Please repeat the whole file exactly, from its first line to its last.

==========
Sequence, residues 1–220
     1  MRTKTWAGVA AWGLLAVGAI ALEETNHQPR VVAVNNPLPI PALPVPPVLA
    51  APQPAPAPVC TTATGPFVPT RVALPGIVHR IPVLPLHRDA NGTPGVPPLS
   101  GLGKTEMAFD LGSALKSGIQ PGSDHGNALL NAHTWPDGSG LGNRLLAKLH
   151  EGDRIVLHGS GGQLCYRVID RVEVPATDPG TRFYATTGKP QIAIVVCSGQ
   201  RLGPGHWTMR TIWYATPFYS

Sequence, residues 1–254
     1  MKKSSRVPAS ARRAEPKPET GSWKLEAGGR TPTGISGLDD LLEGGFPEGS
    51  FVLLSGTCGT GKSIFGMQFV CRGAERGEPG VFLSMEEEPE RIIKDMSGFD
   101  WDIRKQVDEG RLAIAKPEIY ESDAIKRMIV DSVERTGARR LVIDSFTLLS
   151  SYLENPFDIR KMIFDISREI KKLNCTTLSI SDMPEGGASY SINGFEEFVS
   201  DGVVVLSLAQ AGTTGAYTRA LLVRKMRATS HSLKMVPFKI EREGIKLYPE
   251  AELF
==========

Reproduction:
Sequence, residues 1–220
     1  MRTKTWAGVA AWGLLAVGAI ALEETNHQPR VVAVNNPLPI PALPVPPVLA
    51  APQPAPAPVC TTATGPFVPT RVALPGIVHR IPVLPLHRDA NGTPGVPPLS
   101  GLGKTEMAFD LGSALKSGIQ PGSDHGNALL NAHTWPDGSG LGNRLLAKLH
   151  EGDRIVLHGS GGQLCYRVID RVEVPATDPG TRFYATTGKP QIAIVVCSGQ
   201  RLGPGHWTMR TIWYATPFYS

Sequence, residues 1–254
     1  MKKSSRVPAS ARRAEPKPET GSWKLEAGGR TPTGISGLDD LLEGGFPEGS
    51  FVLLSGTCGT GKSIFGMQFV CRGAERGEPG VFLSMEEEPE RIIKDMSGFD
   101  WDIRKQVDEG RLAIAKPEIY ESDAIKRMIV DSVERTGARR LVIDSFTLLS
   151  SYLENPFDIR KMIFDISREI KKLNCTTLSI SDMPEGGASY SINGFEEFVS
   201  DGVVVLSLAQ AGTTGAYTRA LLVRKMRATS HSLKMVPFKI EREGIKLYPE
   251  AELF